The brave choice
When we last discussed the hit series Game of Thrones on Nothing Special, we noted how we had picked up the first book as brain candy. No Shakespeare. Not even Thomas Hardy. But rather a juicy, pulpy succession story set in the realm of Westeros, at a time when the old gods were starting to give way to the new. We soon found ourselves drawing up charts to keep track of characters, looking up words like portcullis, cursing our feeble geographical sense (even in fantasy realms), and generally wishing we could get back to Hardy. We kind of understand Wessex. Now we’re in over our head!
We persevered, though, and even enjoyed. One passage that struck almost as deep as a Jude the Obscure’s first view of Christminster, was Jon Snow, riding desperately down the Kingsroad away from Castle Black, where he had sworn his life’s service to the Night’s Watch. His choice had been to stay with the Night’s Watch (loyalty to society) or join his father and brothers now embroiled in a war (loyalty to family). He chose family, breaking his oath, but the decision still haunts him. “Even now, he did not know if he was doing the honorable thing.” Thinking later about the maester of Castle Black, who decided on three separate times not to leave the Night’s Watch even when his family was threatened, Jon Snow continues to muse:
“Even now, Jon could not decide whether the maester had stayed because he was weak and craven, or because he was strong and true.”
(By the way, “maester” seems to mean old advisor in the George R.R. Martin series –the extra “e” makes it sound vaguely old and Germanic. I was hoping there might be a Yaeger Maester of Castle Shot)
Jon’s wondering, as he galloped on his frothing horse, got me thinking of all the times when I’ve wondered, what’s the brave choice. Isn’t this a key, often all-consuming aspect of countless decisions we must make in our lives? Everyone knows it’s hard to make the brave choice–but what about figuring out which is the brave choice in the first place. Special people want to constantly push themselves to be the best Special People we can be, so we’re always thinking about this–how can we be braver, more daring, less willing to concede. Here are a few scenarios. You decide which is the brave choice, and which the cowardly one.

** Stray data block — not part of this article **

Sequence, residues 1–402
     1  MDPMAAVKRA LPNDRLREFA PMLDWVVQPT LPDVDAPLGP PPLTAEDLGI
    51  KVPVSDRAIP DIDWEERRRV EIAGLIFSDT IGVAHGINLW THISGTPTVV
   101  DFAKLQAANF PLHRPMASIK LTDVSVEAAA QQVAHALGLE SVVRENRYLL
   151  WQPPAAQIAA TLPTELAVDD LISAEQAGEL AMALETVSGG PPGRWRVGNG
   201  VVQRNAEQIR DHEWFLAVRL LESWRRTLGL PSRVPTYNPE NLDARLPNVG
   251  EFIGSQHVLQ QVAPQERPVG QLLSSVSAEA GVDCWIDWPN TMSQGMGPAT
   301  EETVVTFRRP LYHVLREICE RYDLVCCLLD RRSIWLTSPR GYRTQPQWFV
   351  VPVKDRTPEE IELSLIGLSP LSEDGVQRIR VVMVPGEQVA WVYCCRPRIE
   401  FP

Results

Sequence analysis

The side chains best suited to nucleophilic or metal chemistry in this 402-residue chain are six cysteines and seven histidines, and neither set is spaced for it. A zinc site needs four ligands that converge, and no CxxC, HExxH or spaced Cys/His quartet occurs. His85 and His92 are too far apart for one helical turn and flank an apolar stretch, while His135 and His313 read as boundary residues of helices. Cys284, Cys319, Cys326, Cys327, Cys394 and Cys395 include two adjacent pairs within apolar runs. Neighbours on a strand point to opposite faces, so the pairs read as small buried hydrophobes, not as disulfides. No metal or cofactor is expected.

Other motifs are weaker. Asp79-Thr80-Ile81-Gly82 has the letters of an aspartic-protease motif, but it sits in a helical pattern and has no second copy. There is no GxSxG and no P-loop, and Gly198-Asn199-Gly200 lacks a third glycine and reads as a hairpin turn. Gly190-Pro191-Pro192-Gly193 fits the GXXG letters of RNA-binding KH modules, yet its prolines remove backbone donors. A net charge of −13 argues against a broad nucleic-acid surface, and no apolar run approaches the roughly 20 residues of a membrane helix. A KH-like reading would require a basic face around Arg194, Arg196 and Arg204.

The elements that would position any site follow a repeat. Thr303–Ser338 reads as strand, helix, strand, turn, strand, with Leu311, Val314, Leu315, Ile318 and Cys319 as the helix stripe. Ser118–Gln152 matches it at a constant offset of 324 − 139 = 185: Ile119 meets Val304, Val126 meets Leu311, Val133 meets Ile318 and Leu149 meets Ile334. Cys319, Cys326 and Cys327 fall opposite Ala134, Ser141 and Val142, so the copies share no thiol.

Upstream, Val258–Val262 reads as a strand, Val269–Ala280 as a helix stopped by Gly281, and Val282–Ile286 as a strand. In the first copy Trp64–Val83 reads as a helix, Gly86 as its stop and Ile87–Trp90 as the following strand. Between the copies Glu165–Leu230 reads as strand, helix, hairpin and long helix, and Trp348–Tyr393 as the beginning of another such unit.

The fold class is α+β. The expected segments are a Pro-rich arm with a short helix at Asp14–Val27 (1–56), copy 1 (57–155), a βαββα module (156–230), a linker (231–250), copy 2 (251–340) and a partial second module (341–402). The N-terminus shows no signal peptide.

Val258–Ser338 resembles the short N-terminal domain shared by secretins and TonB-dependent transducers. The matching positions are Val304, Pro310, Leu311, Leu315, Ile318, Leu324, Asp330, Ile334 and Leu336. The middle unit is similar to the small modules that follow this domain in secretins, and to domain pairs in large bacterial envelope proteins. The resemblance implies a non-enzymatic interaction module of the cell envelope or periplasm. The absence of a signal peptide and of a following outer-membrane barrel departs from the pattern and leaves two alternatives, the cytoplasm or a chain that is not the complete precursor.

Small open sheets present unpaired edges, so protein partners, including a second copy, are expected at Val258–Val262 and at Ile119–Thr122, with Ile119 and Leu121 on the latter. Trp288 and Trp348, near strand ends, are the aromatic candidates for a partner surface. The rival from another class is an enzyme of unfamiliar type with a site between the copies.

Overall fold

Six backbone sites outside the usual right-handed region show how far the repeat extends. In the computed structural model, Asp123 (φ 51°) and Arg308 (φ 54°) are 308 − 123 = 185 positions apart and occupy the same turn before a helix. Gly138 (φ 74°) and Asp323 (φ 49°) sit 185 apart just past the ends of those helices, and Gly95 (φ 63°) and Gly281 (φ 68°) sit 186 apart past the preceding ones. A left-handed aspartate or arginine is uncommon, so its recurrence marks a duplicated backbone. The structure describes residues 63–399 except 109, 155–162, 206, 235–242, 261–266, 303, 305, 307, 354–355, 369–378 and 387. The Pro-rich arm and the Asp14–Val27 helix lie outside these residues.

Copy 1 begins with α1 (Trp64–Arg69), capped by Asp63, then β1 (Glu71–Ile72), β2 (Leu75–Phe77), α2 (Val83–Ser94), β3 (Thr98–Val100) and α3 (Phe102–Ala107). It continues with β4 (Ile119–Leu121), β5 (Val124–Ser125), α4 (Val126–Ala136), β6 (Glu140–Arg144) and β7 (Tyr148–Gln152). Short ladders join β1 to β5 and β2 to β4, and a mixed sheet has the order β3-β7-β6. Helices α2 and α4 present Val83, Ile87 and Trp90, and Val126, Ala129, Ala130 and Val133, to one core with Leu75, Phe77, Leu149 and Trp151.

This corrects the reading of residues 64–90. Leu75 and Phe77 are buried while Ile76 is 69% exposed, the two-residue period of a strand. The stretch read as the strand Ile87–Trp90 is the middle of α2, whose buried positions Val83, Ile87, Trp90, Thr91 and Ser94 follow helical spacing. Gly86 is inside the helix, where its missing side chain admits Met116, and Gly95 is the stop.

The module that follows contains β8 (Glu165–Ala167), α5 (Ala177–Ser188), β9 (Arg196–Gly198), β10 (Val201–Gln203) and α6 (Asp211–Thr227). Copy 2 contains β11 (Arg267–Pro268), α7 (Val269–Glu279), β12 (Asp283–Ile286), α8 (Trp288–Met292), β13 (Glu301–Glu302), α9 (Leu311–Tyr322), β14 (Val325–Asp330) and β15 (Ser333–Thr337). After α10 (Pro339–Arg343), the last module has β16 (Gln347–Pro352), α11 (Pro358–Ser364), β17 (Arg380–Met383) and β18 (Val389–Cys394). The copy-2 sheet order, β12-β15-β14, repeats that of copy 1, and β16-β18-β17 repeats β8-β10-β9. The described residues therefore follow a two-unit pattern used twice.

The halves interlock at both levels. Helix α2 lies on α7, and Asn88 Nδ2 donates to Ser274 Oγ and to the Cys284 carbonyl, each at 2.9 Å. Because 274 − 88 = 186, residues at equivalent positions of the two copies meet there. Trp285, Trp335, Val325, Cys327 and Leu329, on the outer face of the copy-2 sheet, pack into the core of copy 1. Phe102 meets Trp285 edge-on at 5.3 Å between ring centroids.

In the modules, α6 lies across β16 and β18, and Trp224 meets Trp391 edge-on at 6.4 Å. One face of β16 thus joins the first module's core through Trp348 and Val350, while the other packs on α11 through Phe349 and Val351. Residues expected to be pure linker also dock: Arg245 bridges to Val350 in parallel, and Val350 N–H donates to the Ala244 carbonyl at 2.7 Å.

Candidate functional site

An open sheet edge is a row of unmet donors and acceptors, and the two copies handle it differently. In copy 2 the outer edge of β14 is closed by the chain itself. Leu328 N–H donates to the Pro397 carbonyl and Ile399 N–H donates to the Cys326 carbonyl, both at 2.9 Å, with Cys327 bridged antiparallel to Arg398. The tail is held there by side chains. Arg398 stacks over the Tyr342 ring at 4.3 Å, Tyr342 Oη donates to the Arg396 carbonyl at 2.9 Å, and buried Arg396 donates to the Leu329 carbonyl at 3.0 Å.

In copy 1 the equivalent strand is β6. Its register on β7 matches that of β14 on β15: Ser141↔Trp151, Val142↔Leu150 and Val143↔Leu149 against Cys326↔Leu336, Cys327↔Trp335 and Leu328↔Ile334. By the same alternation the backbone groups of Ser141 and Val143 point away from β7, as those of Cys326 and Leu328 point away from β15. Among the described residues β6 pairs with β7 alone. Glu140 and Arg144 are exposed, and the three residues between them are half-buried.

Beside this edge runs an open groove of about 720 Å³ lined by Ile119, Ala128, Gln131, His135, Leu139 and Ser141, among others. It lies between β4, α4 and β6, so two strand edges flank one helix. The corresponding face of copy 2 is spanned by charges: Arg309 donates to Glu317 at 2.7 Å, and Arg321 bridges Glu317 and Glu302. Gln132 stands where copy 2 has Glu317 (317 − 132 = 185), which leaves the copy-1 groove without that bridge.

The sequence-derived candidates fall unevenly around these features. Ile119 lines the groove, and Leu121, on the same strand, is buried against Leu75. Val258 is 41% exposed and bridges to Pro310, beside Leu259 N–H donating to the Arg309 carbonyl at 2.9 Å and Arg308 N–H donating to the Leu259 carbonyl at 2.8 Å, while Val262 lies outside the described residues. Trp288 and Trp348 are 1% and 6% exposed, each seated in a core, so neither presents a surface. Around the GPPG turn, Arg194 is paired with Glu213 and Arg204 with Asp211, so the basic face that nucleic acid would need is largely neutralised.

1. You have an art show you want to curate. The problem is, you have no money to lease a gallery, collect the art, publicize, etc. You have a rich uncle who will give you the money to put up the show, but you’re also a proud person who doesn’t like handouts (perhaps you’ve also been listening to Republicans a lot). Do you swallow your pride and ask your Uncle for the startup cash, or do you try to get a job at the ground level at a gallery? Which is the brave choice?
2. You have a romantic partner. Your relationship is 80% of everything you’ve always dreamed of. Do you stay in the relationship, or do you keep seeking? Is it brave to throw back the fish and jump out into the great unknown, or is it brave to throw down your lot and say, I have arrived! Which is braver? How about if it’s 85% of your dreams? Now which is braver? To go, even though there’s less of a chance for improvement? Or to stay, knowing you’re pretty darn close.
3. You’ve gotten accepted at Harvard. Congratulations! But you got a much better feeling when you visited Haverford. You’re a little afraid of Harvard, as you know how challenging it will be. Come to think of it, how did you get in in the first place? You like Haverford because you chose it, it didn’t choose you. You know Harvard will open more doors, for the same price, and perhaps push you more. You think Haverford could be the college experience you always wanted–it felt right. Which is the braver choice of school?
4. You have a 3-year-old. You miss your job, but you’re a little scared to get back into the swing of things. Assuming money isn’t the issue, do you go back to work and restart that career you were just starting to see if you could make it in? Or do you stay home with your child whom you love for another year? Is the child an excuse to cover up the fact that you’re scared to go back to work? Or is the getting back to work just a cover-up for the fact that you don’t value yourself unless you’re working? Which is the braver move?
Of course figuring out which is the braver move is only the first step. The next step, perhaps even more challenging, is to figure out if the braver move is the right move. Take example two. What if you decide that it would be braver to cast the line out again, break away from your comfort zone, and strike out to find something more fulfilling? Then you say to hell with that and stay. Is that more cowardly, or can choosing the choice you decide is more cowardly, actually be the bravest choice of all? Are you as confused as I am?
I used to think that if you’re scared to do something–if it really fills you with terror and makes you sick, it’s probably the right move. Now I’m not so sure.
After riding a good several miles down the Kingsroad, Jon Snow is overtaken by his friends and fellow guardsmen, who demand that he return. Jon probably could have talked them down and explained his need to go fight to the death with his father and brothers. Instead he rides back to Castle Black with his friends. Eventually Jon makes the brave choice: he honors his oath to the Night’s Watch and stays to protect the realm from the Others.
Or was he just scared to really leave?